APEGGA's Role and Challenge

Responsibility to the Public

APEGGA's mission is "To serve society by regulating, enhancing and providing leadership in the practice of the professions of engineering, geology and geophysics". Its main responsibility of ensuring that the public receives high quality professional service is carried out by setting standards that must be met by those wishing to practice.

Directed by Professional Members

APEGGA's strategic direction is set by a Council of 16 elected professional members and 2 government appointed public members. A permanent staff of over 40 is responsible for the operational aspects. In addition, nearly 500 member volunteers support Council and staff in carrying out their responsibilities through committee and branch work. This work is further supported by a budget of $5 Million, which is met exclusively through member fees.

Fundamental Legislative Functions

Through government legislation, under which APEGGA was created, the Association is charged with the responsibilities of registration, discipline, enforcement and the setting of practice standards.


The Board of Examiners sets the education and experience standards that all applicants must meet. Knowledge of professional law and ethics is tested, proficiency in the English language must be demonstrated and the character of the applicant will be determined. Organizations engaging in the practices of engineering, geology and geophysics are registered as permit holders.


The Discipline Committee responds to complaints lodged against APEGGA members, alleging unskilled practice of the professions or unprofessional conduct. All complaints are investigated and, if warranted, cases are brought before a panel of peer judges at a formal hearing. Discipline sanctions include de-registering, suspending, levying fines, restricting a practice and assessing the costs of the formal hearing.


The Enforcement Committee identifies and investigates individuals and firms, who are not registered with APEGGA, who practice engineering, geology or geophysics or who use these same titles which are protected by legislation.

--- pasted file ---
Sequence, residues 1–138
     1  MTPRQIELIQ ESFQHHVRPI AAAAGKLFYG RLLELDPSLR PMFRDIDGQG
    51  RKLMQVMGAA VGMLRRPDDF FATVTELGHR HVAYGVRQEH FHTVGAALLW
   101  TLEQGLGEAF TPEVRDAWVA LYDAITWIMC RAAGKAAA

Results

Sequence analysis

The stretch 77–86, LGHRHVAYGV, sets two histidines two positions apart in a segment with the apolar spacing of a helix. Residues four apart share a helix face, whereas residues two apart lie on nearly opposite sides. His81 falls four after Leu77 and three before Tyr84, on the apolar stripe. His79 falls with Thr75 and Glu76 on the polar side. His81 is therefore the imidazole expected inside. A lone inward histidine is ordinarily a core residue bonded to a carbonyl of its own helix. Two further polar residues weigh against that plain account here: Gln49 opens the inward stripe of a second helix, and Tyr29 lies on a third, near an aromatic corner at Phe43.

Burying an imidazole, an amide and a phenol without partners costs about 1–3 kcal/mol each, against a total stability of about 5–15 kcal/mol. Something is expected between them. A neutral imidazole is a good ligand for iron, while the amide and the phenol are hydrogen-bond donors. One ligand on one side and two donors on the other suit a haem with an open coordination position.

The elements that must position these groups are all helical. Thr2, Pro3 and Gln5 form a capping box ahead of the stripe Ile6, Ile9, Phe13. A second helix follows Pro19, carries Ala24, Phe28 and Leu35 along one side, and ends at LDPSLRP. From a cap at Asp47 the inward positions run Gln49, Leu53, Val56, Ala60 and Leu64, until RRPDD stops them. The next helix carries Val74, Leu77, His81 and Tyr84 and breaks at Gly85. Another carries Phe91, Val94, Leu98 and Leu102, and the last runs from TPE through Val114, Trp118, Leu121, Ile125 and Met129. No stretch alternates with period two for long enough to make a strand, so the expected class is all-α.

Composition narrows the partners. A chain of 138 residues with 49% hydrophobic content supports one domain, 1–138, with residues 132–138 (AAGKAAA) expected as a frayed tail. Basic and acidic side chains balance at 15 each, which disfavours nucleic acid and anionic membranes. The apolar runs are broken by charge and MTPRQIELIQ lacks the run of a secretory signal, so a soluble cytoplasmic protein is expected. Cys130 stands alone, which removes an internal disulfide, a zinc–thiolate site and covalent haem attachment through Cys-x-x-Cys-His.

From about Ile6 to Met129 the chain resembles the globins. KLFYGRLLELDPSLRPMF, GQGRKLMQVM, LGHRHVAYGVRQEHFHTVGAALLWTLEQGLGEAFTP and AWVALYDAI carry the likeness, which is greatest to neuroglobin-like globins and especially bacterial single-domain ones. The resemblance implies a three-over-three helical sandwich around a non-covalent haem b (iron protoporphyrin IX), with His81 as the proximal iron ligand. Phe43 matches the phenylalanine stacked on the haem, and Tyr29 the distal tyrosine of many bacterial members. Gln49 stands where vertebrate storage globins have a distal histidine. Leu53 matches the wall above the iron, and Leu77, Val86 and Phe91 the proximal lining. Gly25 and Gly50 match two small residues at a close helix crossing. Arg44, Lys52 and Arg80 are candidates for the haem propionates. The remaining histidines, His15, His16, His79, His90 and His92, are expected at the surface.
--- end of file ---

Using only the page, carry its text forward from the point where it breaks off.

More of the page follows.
Practice Standards

The Practice Standards Committee develops and publishes guidelines in all areas of professional practice which have a direct bearing on the quality and value of professional services to the public.

Complementary Activities

Believing its responsibilities extend beyond those dictated by legislation, APEGGA initiates programs directed at member development and public awareness. The Association preserves a strong professional influence by interacting with Alberta universities, industry and government.

Public Involvement

Steady Growth Since 1920

Since its incorporation in 1920 to regulate the practice of engineering in Alberta, APEGGA's membership has grown from 106 to over 30,000. Today, the Association's presence spans the province with offices in Edmonton and Calgary, and branches in the Calgary, Central Alberta, Edmonton, Fort McMurray, Lakeland, Lethbridge, Medicine Hat, Peace River, Vermilion River and Yellowhead districts.

It was upon the petition of a group of geologists in 1960 that the provincial government amended its Professional Engineers Act to recognize geology and geophysics as distinct professions. The Engineering, Geological and Geophysical Professions Act (1996) continues to acknowledge the uniqueness of the three professions.

Engineers now represent 86% of APEGGA's membership; geologists make up 10.5% and geophysicists account for 3.5% percent.

Members - The Key to Success

The socio-technical demands characteristic of our every changing society repeatedly test APEGGA's commitment to excellence. The Association's success in adhering to this philosophic principle is measured by the quality of its end product - the members. Inspiring each individual to adopt excellence as a fundamental goal is the key to establishing a solid, credible foundation. APEGGA challenges its members to play an active role in influencing the outcome of issues facing their profession. Members focus on concerns such as mandatory upgrading, development of a professional outlook., participation in community affairs outside the profession and great involvement in Association matters. In all cases, the ultimate test of a decision is that the public interest is being served.